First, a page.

87. Darius then having gazed upon the Pontus sailed back to the bridge, of which Mandrocles a Samian had been chief constructor; and having gazed upon the Bosphorus also, he set up two pillars by it of white stone with characters cut upon them, on the one Assyrian and on the other Hellenic, being the names of all the nations which he was leading with him: and he was leading with him all over whom he was ruler. The whole number of them without the naval force was reckoned to be seventy myriads including cavalry, and ships had been gathered together to the number of six hundred. These pillars the Byzantians conveyed to their city after the events of which I speak, and used them for the altar of Artemis Orthosia, excepting one stone, which was left standing by the side of the temple of Dionysos in Byzantion, covered over with Assyrian characters. Now the place on the Bosphorus where Darius made his bridge is, as I conclude, midway between Byzantion and the temple at the mouth of the Pontus.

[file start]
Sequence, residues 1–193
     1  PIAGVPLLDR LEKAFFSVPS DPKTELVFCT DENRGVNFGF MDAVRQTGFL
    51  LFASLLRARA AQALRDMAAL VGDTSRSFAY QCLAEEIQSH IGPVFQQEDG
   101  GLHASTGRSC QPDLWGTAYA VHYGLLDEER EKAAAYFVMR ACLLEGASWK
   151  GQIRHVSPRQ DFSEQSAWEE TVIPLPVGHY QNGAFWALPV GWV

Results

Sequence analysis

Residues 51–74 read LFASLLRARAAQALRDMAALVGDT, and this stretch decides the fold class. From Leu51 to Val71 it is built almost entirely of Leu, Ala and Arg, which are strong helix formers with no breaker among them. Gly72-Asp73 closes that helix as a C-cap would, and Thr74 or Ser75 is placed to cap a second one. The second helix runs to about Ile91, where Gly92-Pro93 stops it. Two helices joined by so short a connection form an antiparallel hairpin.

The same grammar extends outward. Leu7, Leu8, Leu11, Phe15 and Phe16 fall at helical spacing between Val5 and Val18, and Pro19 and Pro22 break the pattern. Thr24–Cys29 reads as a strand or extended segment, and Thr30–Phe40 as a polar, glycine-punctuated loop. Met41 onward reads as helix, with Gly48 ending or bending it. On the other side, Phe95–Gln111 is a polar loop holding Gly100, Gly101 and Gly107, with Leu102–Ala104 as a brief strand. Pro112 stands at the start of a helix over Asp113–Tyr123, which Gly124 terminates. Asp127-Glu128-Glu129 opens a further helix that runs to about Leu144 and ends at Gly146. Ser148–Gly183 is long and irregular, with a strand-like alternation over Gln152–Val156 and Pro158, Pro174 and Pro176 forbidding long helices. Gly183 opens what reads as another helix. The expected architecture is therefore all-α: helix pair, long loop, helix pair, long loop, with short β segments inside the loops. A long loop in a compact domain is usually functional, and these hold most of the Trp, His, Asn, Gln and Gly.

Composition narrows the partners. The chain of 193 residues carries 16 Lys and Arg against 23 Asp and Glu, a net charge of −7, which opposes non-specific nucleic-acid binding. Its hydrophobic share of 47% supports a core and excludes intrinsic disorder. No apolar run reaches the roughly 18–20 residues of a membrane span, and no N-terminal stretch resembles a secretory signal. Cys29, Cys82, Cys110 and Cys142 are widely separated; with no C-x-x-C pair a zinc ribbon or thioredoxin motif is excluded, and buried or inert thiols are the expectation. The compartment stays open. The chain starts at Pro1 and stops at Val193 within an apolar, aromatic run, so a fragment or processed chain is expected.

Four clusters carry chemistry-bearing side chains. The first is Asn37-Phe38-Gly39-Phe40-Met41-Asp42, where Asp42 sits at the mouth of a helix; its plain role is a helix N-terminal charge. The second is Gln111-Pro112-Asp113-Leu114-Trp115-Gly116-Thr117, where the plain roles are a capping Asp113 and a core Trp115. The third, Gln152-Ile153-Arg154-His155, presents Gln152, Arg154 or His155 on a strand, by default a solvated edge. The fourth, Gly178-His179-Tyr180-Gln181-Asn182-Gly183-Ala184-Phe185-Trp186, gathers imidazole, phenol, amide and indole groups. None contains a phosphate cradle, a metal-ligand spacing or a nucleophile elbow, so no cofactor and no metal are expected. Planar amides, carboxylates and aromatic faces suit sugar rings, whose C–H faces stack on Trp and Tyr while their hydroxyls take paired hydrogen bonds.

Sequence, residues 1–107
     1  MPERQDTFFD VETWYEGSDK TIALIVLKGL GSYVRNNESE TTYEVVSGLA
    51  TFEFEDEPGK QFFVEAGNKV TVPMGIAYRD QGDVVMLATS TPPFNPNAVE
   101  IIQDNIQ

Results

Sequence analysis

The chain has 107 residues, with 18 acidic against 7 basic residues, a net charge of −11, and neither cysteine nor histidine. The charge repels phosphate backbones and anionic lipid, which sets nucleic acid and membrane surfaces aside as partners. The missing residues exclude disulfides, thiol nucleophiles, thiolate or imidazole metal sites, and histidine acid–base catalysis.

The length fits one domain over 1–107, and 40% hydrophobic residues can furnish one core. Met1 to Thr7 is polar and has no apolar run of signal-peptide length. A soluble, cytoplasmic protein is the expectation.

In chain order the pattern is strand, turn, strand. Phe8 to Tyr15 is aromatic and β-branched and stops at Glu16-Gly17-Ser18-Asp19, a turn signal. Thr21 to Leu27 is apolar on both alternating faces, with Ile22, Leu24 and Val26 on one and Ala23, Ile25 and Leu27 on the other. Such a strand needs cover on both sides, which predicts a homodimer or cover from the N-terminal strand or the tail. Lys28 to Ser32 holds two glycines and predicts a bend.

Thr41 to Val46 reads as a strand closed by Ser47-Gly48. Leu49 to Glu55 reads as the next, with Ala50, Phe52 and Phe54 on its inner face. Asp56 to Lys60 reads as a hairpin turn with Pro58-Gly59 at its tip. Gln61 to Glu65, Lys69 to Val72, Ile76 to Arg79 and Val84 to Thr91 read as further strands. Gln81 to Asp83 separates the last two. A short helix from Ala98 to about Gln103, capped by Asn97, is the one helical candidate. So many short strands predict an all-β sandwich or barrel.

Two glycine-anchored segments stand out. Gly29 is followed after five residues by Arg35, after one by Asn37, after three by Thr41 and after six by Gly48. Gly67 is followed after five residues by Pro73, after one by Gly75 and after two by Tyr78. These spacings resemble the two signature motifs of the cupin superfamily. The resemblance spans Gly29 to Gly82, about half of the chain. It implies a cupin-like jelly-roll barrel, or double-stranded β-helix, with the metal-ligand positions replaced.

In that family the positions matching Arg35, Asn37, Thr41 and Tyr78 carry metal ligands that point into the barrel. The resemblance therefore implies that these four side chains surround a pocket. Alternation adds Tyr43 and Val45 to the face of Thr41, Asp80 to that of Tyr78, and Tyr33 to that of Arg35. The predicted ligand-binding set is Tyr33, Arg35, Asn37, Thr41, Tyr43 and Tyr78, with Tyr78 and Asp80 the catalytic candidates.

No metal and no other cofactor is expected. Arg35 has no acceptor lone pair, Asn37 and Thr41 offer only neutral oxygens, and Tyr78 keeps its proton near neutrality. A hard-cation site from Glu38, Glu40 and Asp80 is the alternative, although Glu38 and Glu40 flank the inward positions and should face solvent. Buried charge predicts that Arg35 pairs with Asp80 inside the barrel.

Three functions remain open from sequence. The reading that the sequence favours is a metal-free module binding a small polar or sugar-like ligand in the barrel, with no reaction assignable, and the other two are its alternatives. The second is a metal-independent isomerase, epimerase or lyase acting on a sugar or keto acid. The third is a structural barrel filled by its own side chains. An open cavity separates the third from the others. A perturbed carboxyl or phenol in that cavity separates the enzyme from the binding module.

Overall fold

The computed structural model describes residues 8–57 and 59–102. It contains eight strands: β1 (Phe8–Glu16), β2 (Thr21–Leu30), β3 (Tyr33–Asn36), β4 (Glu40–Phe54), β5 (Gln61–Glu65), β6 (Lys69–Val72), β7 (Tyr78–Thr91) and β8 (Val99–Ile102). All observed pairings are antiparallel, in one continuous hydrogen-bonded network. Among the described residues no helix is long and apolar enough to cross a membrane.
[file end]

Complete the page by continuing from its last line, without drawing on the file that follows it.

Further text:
88. After this Darius being pleased with the floating bridge rewarded the chief constructor of it, Mandrocles the Samian, with gifts tenfold; and as an offering from these Mandrocles had a painting made of figures to present the whole scene of the bridge over the Bosphorus and king Darius sitting in a prominent seat and his army crossing over; this he caused to be painted and dedicated it as an offering in the temple of Hera, with the following inscription:
Bosphorus having bridged over, the straits fish-abounding, to Hera
Mandrocleës dedicates this, of his work to record;
A crown on himself he set, and he brought to the Samians glory,
And for Darius performed everything after his mind.
89. This memorial was made of him who constructed the bridge: and Darius, after he had rewarded Mandrocles with gifts, passed over into Europe, having first commanded the Ionians to sail into the Pontus as far as the river Ister, and when they arrived at the Ister, there to wait for him, making a bridge meanwhile over the river; for the chief of his naval force were the Ionians, the Aiolians and the Hellespontians. So the fleet sailed through between the Kyanean rocks and made straight for the Ister; and then they sailed up the river a two days’ voyage from the sea and proceeded to make a bridge across the neck, as it were, of the river, where the mouths of the Ister part off. Darius meanwhile, having crossed the Bosphorus on the floating bridge, was advancing through Thrace, and when he came to the sources of the river Tearos he encamped for three days.
– Herodotus, Book IV